Figure 2A depicts a steady increase over the 3-month period in the proportion of people who were vaccinated across the region, reaching 75%. In late November, however, the vaccination process hit a bottleneck (mean = 53 days into simulation). It had exhausted all individuals who either were willing to be vaccinated at the outset or were persuaded to that point, as indicated by the blue line reaching zero. As a result, vaccination from then on was dependent on those additional individuals who were persuaded in each week, which was less than the rate at which vaccination was possible. This created the kink in the red line, indicating a slowed vaccination process from that point on, explaining why the simulation did not successfully vaccinate 100% of the population after 12 weeks, despite having the capacity to do so.

Figure 2
figure 2

Vaccination rates varied across communities throughout the simulation. (A) Growth curves of the percentage of residents intending to vaccinate, will maybe vaccinate, and have been vaccinated across the 3-month simulation, broken out by communities that are predominantly White, high Black–Latinx, and other. These different curves resulted in disparities across communities in (B) the total percentage of those vaccinated at the end of the simulation. (C) Shows the disparities at the end of the modeling process. (Made in R Studio V.1.4. http://www.rstudio.com/).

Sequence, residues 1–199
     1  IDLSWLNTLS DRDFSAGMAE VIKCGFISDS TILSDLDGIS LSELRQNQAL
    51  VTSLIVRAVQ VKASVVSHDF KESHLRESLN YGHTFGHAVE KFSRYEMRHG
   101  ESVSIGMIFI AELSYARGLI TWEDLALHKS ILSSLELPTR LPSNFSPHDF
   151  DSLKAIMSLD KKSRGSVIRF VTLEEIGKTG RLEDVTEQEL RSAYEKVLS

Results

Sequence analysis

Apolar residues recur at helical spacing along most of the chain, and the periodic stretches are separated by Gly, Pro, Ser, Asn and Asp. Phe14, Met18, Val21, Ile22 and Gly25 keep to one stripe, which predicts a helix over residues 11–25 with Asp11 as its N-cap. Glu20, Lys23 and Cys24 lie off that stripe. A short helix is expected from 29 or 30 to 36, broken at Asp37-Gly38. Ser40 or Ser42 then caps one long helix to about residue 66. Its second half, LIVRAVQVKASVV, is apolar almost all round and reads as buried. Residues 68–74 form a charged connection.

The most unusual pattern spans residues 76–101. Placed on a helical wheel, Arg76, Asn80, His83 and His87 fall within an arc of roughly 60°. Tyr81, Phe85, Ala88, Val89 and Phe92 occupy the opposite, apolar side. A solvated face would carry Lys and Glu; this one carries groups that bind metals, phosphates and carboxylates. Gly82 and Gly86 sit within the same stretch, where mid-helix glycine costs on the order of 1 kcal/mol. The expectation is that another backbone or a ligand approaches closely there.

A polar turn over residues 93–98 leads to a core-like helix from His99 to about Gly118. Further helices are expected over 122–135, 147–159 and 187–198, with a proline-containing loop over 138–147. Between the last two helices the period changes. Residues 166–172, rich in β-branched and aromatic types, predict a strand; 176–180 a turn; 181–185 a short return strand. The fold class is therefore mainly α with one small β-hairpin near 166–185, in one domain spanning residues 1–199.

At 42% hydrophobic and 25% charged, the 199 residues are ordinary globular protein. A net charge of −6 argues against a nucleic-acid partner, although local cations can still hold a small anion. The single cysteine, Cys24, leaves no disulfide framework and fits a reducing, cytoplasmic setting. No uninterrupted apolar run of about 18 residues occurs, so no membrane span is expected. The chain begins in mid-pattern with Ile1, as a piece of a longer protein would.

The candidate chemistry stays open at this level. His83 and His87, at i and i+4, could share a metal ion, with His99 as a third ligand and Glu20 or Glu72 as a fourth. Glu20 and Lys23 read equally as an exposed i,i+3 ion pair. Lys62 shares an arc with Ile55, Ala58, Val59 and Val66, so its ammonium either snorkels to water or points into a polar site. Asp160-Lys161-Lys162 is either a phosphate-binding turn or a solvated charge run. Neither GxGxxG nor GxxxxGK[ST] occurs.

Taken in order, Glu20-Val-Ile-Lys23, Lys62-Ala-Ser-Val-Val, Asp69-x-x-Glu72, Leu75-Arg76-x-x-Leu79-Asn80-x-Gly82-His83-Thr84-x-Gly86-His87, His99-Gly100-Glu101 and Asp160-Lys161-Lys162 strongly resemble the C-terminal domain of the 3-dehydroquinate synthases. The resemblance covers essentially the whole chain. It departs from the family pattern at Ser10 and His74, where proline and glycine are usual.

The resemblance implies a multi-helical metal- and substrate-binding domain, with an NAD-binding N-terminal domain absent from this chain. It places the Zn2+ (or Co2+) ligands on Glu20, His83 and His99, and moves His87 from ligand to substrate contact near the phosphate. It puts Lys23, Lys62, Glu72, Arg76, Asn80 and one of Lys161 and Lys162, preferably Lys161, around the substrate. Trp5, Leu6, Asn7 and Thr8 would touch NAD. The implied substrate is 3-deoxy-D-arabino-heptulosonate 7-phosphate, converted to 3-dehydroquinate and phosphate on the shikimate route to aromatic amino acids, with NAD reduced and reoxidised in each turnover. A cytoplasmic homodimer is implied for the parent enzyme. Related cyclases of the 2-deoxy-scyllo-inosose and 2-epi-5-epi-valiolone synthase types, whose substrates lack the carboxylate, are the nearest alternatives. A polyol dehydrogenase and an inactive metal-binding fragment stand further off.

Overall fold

The bottleneck in vaccination did not occur at the same time in all communities (see Fig. 2B,C). For purpose of comparison here and moving forward, we divide communities into those that are predominantly White (> 80% White residents; 51% of communities), those with high Black–Latinx populations (> 20% Black and Latinx residents; 17% of communities), and those that are neither (32% of communities). For predominantly White communities, the bottleneck was reached at the very end of November (mean = 57th day). Meanwhile, in communities with high Black–Latinx populations the same milestone occurred before November 15th (mean = 42nd day). Because this date was reached earlier, the lower proportion of vaccinated residents at that time in turn resulted in a diminished power of persuasion, meaning fewer additional people were persuaded each week thereafter than in predominantly White communities. This further exacerbated disparities in cumulative vaccinations. By the end of the simulation, residents in predominantly White communities were consistently 80% vaccinated whereas those living in high Black–Latinx populations were 71% vaccinated, though there were communities with rates of vaccination as low as 59%.

Infection rates